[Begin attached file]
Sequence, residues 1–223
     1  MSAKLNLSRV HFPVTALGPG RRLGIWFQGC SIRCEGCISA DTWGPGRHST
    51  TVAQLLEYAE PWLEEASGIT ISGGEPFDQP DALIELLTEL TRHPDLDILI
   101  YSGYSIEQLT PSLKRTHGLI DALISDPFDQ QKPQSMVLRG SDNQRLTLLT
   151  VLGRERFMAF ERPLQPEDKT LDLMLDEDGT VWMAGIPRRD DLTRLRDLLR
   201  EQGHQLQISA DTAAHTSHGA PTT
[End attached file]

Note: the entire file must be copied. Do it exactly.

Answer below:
Sequence, residues 1–223
     1  MSAKLNLSRV HFPVTALGPG RRLGIWFQGC SIRCEGCISA DTWGPGRHST
    51  TVAQLLEYAE PWLEEASGIT ISGGEPFDQP DALIELLTEL TRHPDLDILI
   101  YSGYSIEQLT PSLKRTHGLI DALISDPFDQ QKPQSMVLRG SDNQRLTLLT
   151  VLGRERFMAF ERPLQPEDKT LDLMLDEDGT VWMAGIPRRD DLTRLRDLLR
   201  EQGHQLQISA DTAAHTSHGA PTT